Galactography: an important and highly effective procedure
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Galactography should only be performed if there is spontaneous bloody or serous discharge from a single lactiferous duct of one breast. If this is observed, only pathologic processes instead of normal breast tissue are removed upon surgery and there is a close correlation between radiologic results and pathologic findings. Galactography localizes intraductal pathologic processes precisely and thus contributes to minimal volume surgery.
Keywords.Galactography Papilloma Ectatic duct Carcinoma
Opacification of lactiferous ducts with non-ionic contrast agent is called galactography [1, 2, 3]. Galactography is performed as an extension of mammography when nipple discharge is present. It is the only diagnostic procedure that is able to depict and precisely localize small intraductal pathologic processes. There are basically two types of normal lactiferous systems: one that shows repetitive arborization extending deeply into the breast tissue with tapered ends, and one with only short side arms extending from the main duct and showing blunt ends [4, 5]. There are numerous characteristic pathological findings in galactography . The most common finding is papilloma followed by ectatic ducts and a combination of both. The least common finding is carcinoma of the breast [6, 7].
Nipple discharge is a common problem in women and demands proper attention by the gynecologist as well as the radiologist. It is the radiologist's responsibility to perform a galactography under strict consideration of the indication for that exam. It should only be performed if there is spontaneous serous or bloody discharge from a single duct of one breast [6, 7, 8, 9, 10]. This makes sure that upon surgery pathology – and not normal breast tissue – is removed. Discharge that only occurs upon applying pressure to the breast or the nipple and discharge from more than one lactiferous duct usually is not caused by a local process; thus, the problem cannot be solved by a local diagnostic and/or surgical procedure.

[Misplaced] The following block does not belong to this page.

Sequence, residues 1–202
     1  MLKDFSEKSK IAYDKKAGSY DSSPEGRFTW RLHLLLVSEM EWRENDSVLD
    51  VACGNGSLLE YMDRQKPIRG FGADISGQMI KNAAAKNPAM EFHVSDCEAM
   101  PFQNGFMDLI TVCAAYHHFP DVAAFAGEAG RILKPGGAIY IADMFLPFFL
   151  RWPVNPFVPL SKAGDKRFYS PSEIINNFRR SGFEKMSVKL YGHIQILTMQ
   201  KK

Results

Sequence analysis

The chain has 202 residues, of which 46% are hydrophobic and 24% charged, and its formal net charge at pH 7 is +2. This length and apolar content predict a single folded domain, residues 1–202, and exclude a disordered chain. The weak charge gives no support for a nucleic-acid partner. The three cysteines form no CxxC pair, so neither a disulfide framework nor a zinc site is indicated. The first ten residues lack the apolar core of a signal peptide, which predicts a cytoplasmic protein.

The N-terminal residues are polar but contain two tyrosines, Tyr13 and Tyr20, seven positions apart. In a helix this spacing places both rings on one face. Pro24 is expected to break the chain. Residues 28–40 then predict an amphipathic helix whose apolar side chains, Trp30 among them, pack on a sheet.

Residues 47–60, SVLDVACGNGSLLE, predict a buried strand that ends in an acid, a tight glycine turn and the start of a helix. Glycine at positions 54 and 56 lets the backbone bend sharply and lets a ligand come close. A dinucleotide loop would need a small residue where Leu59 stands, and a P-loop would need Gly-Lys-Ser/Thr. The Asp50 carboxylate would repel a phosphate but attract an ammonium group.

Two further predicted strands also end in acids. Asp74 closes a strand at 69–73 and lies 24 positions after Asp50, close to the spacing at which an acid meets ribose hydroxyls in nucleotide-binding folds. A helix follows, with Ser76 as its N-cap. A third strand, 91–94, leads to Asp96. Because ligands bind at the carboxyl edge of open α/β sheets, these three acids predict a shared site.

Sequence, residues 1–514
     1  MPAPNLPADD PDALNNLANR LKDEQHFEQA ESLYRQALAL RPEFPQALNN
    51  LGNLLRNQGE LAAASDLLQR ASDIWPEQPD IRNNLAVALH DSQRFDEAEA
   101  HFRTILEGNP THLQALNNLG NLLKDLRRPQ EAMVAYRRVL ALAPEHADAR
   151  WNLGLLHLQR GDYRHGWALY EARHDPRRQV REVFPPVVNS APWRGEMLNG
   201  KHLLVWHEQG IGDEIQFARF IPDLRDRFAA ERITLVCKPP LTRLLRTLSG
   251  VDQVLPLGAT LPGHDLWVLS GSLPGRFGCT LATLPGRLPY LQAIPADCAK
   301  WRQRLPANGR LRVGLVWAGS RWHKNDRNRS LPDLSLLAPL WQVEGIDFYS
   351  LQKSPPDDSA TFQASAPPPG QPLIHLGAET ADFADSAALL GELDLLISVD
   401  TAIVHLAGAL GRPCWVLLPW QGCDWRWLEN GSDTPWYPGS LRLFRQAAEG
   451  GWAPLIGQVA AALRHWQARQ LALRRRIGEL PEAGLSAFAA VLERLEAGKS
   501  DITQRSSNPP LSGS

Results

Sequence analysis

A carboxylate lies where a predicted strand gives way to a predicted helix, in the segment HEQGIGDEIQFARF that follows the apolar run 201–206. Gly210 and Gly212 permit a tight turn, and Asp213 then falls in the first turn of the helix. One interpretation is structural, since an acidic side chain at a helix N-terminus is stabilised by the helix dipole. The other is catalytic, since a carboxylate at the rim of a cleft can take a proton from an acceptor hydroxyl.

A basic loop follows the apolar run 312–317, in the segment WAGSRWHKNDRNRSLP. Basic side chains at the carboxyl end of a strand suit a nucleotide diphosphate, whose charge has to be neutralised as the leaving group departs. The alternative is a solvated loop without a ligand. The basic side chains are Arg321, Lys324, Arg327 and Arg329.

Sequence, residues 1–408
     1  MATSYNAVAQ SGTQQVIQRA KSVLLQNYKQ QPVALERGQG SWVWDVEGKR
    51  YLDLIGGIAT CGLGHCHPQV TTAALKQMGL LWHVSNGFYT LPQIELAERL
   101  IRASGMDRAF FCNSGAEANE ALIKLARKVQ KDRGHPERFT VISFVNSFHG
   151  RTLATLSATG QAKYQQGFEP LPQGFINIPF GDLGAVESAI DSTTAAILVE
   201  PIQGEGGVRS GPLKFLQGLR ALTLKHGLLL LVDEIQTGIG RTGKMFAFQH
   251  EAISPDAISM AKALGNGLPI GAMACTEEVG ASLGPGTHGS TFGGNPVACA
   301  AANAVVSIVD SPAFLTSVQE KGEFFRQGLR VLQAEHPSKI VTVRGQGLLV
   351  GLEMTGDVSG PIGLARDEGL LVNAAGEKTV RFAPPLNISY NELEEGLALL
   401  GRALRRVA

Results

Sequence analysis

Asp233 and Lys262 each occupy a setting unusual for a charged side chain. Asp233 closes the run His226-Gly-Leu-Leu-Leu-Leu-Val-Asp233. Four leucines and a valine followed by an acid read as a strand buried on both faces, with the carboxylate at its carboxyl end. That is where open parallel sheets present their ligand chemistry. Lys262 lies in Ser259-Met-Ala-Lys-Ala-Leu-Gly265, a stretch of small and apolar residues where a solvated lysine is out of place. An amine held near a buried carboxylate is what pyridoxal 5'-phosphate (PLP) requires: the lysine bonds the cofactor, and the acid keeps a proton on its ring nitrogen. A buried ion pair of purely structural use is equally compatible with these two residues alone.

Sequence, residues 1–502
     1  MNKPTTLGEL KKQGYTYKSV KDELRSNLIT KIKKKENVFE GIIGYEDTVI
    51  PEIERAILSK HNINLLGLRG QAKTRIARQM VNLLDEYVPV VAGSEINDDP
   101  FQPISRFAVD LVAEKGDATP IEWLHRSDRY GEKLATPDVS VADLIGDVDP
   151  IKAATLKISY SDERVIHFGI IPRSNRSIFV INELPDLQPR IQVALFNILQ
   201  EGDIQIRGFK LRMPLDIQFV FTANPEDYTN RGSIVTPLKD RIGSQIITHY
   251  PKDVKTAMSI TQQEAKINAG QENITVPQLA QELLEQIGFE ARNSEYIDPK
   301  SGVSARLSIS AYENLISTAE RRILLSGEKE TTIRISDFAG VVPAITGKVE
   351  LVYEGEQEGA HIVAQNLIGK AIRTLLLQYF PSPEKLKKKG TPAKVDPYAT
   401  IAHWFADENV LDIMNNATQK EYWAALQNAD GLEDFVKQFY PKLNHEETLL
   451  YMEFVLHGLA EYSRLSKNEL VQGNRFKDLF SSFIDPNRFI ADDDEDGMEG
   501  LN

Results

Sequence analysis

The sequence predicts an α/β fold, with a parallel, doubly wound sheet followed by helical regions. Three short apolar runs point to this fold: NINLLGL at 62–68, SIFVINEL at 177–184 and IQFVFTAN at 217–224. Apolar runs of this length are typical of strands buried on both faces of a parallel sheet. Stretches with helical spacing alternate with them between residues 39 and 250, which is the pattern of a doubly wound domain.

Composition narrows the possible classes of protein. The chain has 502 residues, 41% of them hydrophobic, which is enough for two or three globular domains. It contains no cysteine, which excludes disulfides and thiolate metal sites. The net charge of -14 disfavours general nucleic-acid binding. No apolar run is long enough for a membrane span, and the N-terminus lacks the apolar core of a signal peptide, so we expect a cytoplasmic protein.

Spontaneous nipple discharge from one duct, serous or bloody, is caused by papilloma, ectatic duct, or carcinoma of the breast . All three conditions are local entities. Papilloma and ectatic ducts almost never show a recognizable change in mammography [11, 12] and there are numerous carcinomas spreading confined to the duct that are not visible on mammograms. In these cases galactography is the only procedure that can characterize and precisely localize the lesion so that it can be surgically removed with a small volume of tissue [6, 12, 13, 14, 15]. Other methods of localization, such as injection of blue dye into the duct, is not precise enough because the dye quickly diffuses into the surrounding tissue. Resection within a small volume of tissue is of particular importance for the benign lesions .
Galactography should only be performed in patients with spontaneous serous or bloody discharge from a single lactiferous duct of one breast. If this rule is followed, galactography yields excellent results with high diagnostic efficiency and very good correlation to pathology. It thus contributes substantially to the surgical approach in that it localizes lesions very precisely. Consequently, both benign and malignant lesions can be removed with the smallest possible tissue volume leaving the woman with only a small defect. In the case of diffusely spreading carcinoma, galactography is able to depict the extent of spreading more than any other method so that preoperative planning is facilitated.
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